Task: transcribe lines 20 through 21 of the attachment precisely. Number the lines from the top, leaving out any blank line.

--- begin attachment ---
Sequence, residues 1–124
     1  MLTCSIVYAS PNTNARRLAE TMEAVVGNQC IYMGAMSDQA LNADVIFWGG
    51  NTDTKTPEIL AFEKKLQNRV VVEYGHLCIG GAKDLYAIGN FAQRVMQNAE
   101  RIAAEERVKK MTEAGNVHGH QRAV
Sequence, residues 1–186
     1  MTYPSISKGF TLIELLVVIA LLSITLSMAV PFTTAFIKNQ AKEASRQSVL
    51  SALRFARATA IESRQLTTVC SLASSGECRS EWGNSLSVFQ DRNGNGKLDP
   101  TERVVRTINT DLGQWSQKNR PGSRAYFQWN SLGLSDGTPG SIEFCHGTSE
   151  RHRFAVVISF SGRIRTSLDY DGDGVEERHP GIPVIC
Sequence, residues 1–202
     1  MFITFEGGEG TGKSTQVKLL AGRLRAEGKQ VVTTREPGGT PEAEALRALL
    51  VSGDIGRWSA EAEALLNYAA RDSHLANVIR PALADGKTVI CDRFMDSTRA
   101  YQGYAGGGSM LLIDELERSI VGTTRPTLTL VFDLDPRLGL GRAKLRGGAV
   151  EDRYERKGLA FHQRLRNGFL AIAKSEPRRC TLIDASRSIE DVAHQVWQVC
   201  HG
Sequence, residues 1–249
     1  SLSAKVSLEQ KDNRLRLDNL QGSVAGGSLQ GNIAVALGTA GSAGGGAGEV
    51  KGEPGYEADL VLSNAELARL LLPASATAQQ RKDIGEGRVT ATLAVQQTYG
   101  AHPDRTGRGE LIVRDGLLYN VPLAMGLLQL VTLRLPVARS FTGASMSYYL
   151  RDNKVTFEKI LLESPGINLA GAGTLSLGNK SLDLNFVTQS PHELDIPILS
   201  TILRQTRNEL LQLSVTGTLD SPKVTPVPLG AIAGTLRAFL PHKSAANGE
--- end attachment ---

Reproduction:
   151  RDNKVTFEKI LLESPGINLA GAGTLSLGNK SLDLNFVTQS PHELDIPILS
   201  TILRQTRNEL LQLSVTGTLD SPKVTPVPLG AIAGTLRAFL PHKSAANGE